Reading List for March 6-8
This week's list is devoted predominantly to the wide-ranging impacts of the Coronavirus in addition to wild fluctuations in the stock market. (As predicted after last week's tumbling market, this isn't over yet.)
- What should stock market investors do in this market? A Wealth of Common Sense suggests you ask yourself some questions to help figure that out.
- Of Dollars and Data explains why now you will understand why you should invest in bonds.
- 10-year Treasuries dropped below 1% for the first time ever, and repeatedly broke its record low this week. Watch the progression: WSJ 3/3, CNBC 3/5, CNBC 3/6.
- Trading App Robinhood shut down twice earlier this week, understandably making customers really unhappy. Was it overwhelmed by trading volume (or did someone forgot to include lead day in the coding.)? (CNBC)
- This first article set up the situation faced by the Federal Reserve in light of the coronavirus and central banks around the world. (NYT)
- By Tuesday, the Fed made a surprise announcement that it was dropping the target fed funds rate by 50 basis points. (CNBC)
- The jobs report came out this morning (3/6), beating expectations ahead of any corona virus impacts at 273,000—unemployment back to 3.5%. (NYTimes) (NOTE: this data is based on surveys conducted in the middle of February.)
- Average interest rates on a thirty-year mortgage dipped to a record low of 3.29%, but may spur home-buying. (AP)
- Refinancing, on the other hand, is going gangbusters. (Mortgage Bankers Assoc.)
- And mortgage lenders are hiring to keep up with record volumes of mortgage approvals. (Bloomberg-subscription)
- The Consumer Federation of America issued a report on what banks are doing to support low-income savers. The impact coronavirus will potentially have on lower income individuals will exacerbate their tenuous savings situation. (WaPo)
- Gig workers are also in a vulnerable position, specifically the 16% who live paycheck to paycheck with no savings. (PYMNTS.com)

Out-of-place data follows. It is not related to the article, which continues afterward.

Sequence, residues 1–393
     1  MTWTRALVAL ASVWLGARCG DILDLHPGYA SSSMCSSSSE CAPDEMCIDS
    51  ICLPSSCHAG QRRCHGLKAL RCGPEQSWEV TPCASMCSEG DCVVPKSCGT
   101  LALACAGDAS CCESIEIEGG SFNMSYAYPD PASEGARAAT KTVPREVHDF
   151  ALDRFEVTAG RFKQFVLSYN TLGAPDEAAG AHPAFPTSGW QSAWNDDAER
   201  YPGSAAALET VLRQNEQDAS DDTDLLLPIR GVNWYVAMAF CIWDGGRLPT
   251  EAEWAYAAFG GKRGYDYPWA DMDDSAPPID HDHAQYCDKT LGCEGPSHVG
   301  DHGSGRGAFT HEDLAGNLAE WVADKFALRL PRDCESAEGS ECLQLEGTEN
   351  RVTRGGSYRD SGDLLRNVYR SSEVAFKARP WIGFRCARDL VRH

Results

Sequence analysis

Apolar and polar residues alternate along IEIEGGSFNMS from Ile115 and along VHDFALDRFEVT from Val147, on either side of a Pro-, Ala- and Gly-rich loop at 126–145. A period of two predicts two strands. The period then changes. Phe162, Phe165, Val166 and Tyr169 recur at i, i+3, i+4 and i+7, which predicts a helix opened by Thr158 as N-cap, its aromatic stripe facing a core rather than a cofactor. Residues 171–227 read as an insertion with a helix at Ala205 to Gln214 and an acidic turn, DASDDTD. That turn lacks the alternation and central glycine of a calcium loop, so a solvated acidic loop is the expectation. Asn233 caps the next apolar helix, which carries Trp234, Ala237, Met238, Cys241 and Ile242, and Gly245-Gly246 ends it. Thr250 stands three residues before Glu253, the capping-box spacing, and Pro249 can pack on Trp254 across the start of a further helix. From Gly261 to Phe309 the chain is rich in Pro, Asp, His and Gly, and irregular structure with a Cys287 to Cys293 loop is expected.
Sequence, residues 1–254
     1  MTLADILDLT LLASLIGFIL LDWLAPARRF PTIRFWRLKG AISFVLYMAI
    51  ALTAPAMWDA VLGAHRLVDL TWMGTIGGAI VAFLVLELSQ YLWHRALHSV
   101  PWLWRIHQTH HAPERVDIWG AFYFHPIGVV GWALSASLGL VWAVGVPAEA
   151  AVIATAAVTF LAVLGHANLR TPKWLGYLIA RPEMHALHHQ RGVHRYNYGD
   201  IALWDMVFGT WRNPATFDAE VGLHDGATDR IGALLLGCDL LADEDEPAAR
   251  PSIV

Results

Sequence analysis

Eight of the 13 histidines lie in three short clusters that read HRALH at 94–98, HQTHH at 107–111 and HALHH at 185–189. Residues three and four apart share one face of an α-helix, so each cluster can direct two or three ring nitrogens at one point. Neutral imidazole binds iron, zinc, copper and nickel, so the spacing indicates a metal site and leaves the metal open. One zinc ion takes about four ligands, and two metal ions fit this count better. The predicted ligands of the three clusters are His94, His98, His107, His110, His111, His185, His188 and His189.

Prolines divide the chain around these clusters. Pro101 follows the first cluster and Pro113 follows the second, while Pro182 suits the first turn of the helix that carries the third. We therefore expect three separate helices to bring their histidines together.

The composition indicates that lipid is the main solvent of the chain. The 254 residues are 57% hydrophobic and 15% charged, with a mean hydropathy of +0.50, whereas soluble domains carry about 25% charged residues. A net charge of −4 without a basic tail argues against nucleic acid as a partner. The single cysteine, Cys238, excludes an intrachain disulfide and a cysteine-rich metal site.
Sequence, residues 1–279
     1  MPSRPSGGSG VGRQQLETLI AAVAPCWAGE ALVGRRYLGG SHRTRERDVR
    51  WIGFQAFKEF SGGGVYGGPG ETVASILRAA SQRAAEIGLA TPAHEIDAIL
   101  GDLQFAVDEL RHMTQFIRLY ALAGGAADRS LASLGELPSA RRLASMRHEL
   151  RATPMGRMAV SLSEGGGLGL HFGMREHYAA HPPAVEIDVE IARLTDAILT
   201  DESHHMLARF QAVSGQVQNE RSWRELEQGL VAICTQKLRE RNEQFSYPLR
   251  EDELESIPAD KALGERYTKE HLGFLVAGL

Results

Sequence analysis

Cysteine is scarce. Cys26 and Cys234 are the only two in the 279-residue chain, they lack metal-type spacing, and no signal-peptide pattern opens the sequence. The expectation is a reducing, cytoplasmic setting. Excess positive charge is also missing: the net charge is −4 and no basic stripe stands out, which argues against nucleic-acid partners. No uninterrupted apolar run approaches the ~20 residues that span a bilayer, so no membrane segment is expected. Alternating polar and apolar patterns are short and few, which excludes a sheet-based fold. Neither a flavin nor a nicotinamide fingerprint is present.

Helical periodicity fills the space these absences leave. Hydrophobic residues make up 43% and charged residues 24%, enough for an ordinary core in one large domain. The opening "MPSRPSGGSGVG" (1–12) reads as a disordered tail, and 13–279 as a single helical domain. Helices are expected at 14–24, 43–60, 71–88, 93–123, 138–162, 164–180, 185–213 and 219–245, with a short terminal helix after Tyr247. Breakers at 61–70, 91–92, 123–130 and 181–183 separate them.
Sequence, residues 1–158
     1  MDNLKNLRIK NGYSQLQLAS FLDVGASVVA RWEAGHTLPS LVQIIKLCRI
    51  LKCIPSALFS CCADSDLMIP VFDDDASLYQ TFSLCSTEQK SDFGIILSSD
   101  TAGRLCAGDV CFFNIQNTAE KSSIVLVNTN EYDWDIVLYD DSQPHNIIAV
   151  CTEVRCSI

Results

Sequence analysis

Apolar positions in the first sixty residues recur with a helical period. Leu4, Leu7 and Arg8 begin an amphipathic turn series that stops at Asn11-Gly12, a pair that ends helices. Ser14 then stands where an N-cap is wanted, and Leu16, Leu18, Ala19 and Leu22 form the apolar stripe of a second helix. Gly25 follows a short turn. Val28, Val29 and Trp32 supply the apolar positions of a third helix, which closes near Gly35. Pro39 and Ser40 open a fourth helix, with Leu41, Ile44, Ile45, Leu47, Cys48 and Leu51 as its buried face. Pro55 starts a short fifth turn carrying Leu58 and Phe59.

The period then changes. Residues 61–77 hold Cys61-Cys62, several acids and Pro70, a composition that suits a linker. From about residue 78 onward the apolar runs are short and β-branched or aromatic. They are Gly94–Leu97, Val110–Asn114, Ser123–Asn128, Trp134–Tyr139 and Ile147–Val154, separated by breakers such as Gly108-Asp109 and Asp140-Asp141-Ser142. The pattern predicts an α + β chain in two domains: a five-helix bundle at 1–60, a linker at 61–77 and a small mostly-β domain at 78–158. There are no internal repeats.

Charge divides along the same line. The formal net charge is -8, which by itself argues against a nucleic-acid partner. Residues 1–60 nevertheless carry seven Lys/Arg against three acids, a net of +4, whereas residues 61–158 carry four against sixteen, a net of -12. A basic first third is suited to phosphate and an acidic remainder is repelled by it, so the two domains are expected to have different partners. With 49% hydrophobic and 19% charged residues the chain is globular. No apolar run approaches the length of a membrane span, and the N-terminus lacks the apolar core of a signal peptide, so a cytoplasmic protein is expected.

- We understand potential hits to airlines, hotels, restaurants, but even Match.com is anticipating people will be going on fewer dates. (MarketWatch via Morning Brew)
- And from Thursday’s Morning Brew, here are two corporate news items that may not be as obvious.
Other articles of interest:
- Keeping yourself physically and financially healthy as winter drags on, especially if you have SAD (Seasonal Affective Disorder). (HerMoney)
41% of couples who combine finances “misbehave” financially in some way. Here is AARP’s advice on financial infidelity, important for couples of all ages.
- Is taking care of your parents taking you to the cleaners? AARP offers some tips for protecting your finances while helping parents.
Careers-Chart of the Week
- Have you ever considered the value of unpaid work around the house (mostly done by women around the world)? This NYT Opinion piece is filled with great graphics, some interactive, and values women’s worldwide unpaid labor at 10.9 Trillion!
About the Author
Beth Tallman entered the working world armed with an M.B.A. in finance and thoroughly enjoyed her first career working in manufacturing and telecommunications, including a stint overseas. She took advantage of an involuntary separation to try teaching high school math, something she had always dreamed of doing. When fate stepped in once again, Beth jumped on the opportunity to combine her passion for numbers, money, and education to develop curriculum and teach personal finance at Oberlin College. Beth now spends her time writing on personal finance and financial education, conducting student workshops, and developing finance curricula and educational content. She is also the Treasurer of Ohio Jump$tart Coalition for Personal Financial Literacy.
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